Note: Adapted from Korhonen (2009), Colombo et al. (2018), Gandini et al. (2017), Roman et al. (2017).

Fig. 1. Suggested impact of bioactive peptides derived from milk protein.

Milk protein components are well-described in the literature, however, information about ways in which animal genetics and animal nutrition can influence the concentrations of these constituents is rarely found. This review provides novel information about the use of animal genetics and animal nutrition to modulate the milk protein profile with special focus on human health and nutrition. Additionally, we compile information across different disciplines to address which milk proteins and peptides could be of interest for the development of new functional foods due to their potential beneficial effects on human health.

Milk bioactive peptides in human health

In milk, bioactive peptides are inactive within the native protein and are activated by (1) proteases present in milk, (2) digestive enzymes and enzymes produced by the gut microbiota and (3) enzymes secreted by microorganisms (i.e. starter cultures) and/or purified enzymes added to the milk during milk processing (Espejo-Carpio et al., 2018). Because of their multiple putative benefits on human health, bioactive peptides from milk are commonly used in the formulation of functional foods, nutraceuticals and natural drugs (Muro et al., 2011). The antimicrobial properties of some of these peptides provide a chemical barrier against bacterial growth, playing an important role in food quality and safety and extending food shelf life (Perez Espitia et al., 2012). Associations between increased consumption of dairy products and improved metabolic health have been shown (McGregor and Poppitt, 2013). There is good reason for proposing that milk-derived bioactive peptides can contribute to human health, but at the same time it needs to be recognized that definitive cause and effect evidence is lacking. In the following sections, some relevant bioactive peptides from milk and their potential role in the prevention or attenuation of some human health related problems such as cardiovascular diseases, obesity, diabetes, immune system response and cancer are briefly discussed. Moreover, online Supplementary Tables S1 to S5 summarize the wide variety of bioactive peptides from milk and their proposed effects on human health.

Cardiovascular diseases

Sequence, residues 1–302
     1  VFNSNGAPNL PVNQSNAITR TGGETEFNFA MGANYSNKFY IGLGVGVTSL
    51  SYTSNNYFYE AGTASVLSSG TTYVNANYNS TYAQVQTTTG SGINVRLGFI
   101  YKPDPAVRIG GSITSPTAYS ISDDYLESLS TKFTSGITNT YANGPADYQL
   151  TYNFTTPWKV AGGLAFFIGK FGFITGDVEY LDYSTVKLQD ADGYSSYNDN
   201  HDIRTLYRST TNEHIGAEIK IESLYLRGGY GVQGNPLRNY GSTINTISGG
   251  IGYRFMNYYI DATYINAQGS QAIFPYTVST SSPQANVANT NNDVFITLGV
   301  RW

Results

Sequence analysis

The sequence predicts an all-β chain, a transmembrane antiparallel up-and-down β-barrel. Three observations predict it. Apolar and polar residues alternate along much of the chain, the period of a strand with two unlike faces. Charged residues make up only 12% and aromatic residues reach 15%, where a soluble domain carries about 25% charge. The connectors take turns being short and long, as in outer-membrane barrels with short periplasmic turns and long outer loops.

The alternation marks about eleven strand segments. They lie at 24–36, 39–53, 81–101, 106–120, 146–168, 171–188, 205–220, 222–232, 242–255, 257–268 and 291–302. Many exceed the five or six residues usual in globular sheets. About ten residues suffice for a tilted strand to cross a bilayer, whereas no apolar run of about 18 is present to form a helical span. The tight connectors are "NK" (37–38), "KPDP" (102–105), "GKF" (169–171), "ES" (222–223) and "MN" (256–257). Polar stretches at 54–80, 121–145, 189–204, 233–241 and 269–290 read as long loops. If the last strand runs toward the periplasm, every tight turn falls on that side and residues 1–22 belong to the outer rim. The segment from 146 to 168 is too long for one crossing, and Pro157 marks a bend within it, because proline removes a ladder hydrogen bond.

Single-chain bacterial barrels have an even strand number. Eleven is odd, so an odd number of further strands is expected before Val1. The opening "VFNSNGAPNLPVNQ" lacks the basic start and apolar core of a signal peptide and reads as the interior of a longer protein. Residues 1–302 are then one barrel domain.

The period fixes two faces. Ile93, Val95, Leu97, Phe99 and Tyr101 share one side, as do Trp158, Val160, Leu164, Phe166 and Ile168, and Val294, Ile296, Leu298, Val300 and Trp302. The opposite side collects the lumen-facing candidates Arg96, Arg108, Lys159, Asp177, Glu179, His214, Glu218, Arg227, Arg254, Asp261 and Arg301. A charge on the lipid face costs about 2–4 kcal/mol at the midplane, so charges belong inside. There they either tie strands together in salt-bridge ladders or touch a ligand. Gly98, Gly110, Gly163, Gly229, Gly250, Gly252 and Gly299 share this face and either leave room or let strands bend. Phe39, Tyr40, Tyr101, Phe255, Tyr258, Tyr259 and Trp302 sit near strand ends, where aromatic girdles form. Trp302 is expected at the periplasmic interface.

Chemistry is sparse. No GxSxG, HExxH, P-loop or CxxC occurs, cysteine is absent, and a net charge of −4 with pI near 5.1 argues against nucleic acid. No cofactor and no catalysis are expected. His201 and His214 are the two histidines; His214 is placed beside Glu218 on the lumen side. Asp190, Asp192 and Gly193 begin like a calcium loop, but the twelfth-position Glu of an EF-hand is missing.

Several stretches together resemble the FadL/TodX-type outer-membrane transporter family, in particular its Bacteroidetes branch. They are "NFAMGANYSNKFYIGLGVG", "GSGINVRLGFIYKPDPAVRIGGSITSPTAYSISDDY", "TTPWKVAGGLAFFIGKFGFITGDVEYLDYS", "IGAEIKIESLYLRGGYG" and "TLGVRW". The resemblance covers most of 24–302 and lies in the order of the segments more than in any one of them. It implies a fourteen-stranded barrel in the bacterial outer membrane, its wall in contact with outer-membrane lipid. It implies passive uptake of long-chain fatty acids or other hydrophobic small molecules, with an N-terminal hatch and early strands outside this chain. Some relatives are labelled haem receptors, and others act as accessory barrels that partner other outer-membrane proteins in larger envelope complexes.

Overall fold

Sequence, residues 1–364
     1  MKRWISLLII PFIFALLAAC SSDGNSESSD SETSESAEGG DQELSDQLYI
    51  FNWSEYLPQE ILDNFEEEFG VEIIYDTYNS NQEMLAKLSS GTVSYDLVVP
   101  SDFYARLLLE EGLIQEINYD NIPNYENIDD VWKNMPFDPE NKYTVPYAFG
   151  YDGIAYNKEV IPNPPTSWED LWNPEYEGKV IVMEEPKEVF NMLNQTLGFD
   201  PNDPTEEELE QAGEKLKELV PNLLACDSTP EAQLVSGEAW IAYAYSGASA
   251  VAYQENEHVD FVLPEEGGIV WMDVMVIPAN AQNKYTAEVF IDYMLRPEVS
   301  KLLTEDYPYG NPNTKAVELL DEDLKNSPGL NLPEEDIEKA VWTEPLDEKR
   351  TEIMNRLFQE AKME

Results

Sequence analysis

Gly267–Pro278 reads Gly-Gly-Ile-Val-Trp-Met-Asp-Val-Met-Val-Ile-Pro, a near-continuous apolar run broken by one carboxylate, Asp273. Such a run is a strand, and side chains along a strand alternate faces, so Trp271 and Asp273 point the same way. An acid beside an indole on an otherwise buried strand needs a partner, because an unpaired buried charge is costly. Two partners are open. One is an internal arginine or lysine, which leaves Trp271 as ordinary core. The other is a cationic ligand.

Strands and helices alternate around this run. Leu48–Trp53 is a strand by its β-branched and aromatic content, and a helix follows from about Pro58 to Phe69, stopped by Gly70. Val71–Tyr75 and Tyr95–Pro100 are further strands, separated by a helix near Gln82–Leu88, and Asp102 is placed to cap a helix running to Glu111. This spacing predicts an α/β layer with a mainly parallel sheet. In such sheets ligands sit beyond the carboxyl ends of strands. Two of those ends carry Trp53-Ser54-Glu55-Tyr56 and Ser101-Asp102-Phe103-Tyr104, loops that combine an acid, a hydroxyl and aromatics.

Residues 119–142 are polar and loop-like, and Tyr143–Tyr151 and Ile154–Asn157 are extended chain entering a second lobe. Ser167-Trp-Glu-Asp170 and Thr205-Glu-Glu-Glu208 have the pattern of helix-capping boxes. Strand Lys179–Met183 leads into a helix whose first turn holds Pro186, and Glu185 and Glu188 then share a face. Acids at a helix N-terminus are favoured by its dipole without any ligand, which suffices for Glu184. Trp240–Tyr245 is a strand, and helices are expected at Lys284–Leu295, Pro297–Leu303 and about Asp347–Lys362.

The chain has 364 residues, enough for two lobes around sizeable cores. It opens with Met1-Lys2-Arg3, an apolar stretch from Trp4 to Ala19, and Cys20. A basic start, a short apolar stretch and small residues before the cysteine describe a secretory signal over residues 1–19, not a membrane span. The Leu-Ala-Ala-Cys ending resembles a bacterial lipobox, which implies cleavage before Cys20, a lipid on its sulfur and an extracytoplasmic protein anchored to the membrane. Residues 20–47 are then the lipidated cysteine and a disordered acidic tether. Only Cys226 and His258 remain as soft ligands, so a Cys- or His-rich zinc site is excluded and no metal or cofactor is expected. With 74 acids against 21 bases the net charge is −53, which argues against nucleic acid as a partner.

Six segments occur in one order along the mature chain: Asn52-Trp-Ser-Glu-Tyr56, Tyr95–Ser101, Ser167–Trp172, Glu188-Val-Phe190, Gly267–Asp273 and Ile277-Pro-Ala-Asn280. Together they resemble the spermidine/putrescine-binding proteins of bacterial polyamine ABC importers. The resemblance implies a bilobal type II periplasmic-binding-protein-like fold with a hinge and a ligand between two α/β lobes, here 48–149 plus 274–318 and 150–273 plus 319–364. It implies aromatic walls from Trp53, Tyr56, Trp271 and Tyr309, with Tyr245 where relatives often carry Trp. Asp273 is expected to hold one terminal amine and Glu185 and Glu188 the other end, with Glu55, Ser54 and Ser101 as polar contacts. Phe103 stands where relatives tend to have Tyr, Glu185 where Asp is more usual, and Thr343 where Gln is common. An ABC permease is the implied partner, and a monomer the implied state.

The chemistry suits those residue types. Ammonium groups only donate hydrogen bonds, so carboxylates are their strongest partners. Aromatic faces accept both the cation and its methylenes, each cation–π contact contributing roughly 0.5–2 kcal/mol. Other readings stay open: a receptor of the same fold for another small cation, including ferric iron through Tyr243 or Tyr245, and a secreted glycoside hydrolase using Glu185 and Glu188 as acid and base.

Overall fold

Cardiovascular diseases (CVD) have been associated with unhealthy diets rich in saturated fatty acids, trans fat (industrial hydrogenated-fats), salt and deficient consumption of fruits and vegetables (Mendis, 2017). In the past, a number of cardiovascular diseases have also been linked to full-fat dairy products (Lee et al., 2018) or fat from ruminant's meat (Moreno-Indias et al., 2012), however, other studies have shown how consumption of full-fat dairy foods, including milk, cheese and yogurt, may be inversely correlated to CVD incidence (Lee et al., 2018). These studies also showed that bioactive peptides present in these foods might contribute to reduce CVD incidence. According to Ryan et al. (2011), antihypertensive activity is one of the most widely reported properties of milk bioactive peptides. Specifically, many milk bioactive peptides are able to reduce arterial pressure by inhibiting angiotensin-converting-enzyme (ACE). This enzyme plays a central role in the regulation of blood pressure. The enzymatic activity of renin on angiotensinogen produces angiotensin I, which is catalyzed by ACE to angiotensin II, a potent vasoconstrictor. Additionally, ACE inactivates bradykinin, an endothelium-dependent vasodilator, contributing to increased blood pressure (Marcone et al., 2017). Thus, inhibition of this enzyme is considered as one of the strategies for the treatment of hypertension. Based on their antihypertensive properties, bioactive peptides from milk have gained attention in the formulation of new food products. For instance, Ong and Sha (2008) described how the addition of Lactobacillus acidophilus (LAFTI L®10) to cheese starter culture increases the production of κ-casein (f 96–102), αs1-casein (f 1–9), αs-casein (f 1–7), αs1-casein (f 1–7), αs1-casein (f 24–32) and β-casein (f 193–209). All of these bioactive peptides are believed to contribute to reduce arterial pressure by inhibiting ACE. Similarly, Sahingil et al. (2014) used Lactobacillus helveticus as adjunct culture in white-brined cheese to increase bioactive peptides with ACE inhibitory properties. Recently, a new bioactive peptide derived from bovine casein (YQKFPQYLQY) was reported to inhibit ACE and thereby decrease blood pleasure in rats (Xue et al., 2018). In a meta-analysis performed by Cicero et al. (2013), isoleucine–proline–proline (IPP) and valine–proline–proline (VPP) were found to reduce blood pressure in humans. Because of this, Lactobacillus helveticus has been used recently to produce fermented milks rich in IPP and VPP sequences (Beltrán-Barrientos et al., 2016).